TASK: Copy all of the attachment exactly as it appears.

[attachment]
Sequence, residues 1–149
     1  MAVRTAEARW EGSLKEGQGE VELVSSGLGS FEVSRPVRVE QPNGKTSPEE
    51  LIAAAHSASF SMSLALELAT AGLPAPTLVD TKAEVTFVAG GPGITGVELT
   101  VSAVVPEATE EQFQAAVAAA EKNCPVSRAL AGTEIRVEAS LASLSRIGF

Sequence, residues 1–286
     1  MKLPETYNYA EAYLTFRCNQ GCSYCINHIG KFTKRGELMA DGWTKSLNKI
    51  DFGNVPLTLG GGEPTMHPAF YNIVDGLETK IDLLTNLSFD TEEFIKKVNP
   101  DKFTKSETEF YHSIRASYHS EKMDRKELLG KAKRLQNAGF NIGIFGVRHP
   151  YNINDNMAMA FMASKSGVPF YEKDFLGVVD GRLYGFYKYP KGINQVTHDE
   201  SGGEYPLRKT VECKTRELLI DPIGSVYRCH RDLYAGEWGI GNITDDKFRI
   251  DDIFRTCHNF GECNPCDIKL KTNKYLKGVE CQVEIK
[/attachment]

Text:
Sequence, residues 1–149
     1  MAVRTAEARW EGSLKEGQGE VELVSSGLGS FEVSRPVRVE QPNGKTSPEE
    51  LIAAAHSASF SMSLALELAT AGLPAPTLVD TKAEVTFVAG GPGITGVELT
   101  VSAVVPEATE EQFQAAVAAA EKNCPVSRAL AGTEIRVEAS LASLSRIGF

Sequence, residues 1–286
     1  MKLPETYNYA EAYLTFRCNQ GCSYCINHIG KFTKRGELMA DGWTKSLNKI
    51  DFGNVPLTLG GGEPTMHPAF YNIVDGLETK IDLLTNLSFD TEEFIKKVNP
   101  DKFTKSETEF YHSIRASYHS EKMDRKELLG KAKRLQNAGF NIGIFGVRHP
   151  YNINDNMAMA FMASKSGVPF YEKDFLGVVD GRLYGFYKYP KGINQVTHDE
   201  SGGEYPLRKT VECKTRELLI DPIGSVYRCH RDLYAGEWGI GNITDDKFRI
   251  DDIFRTCHNF GECNPCDIKL KTNKYLKGVE CQVEIK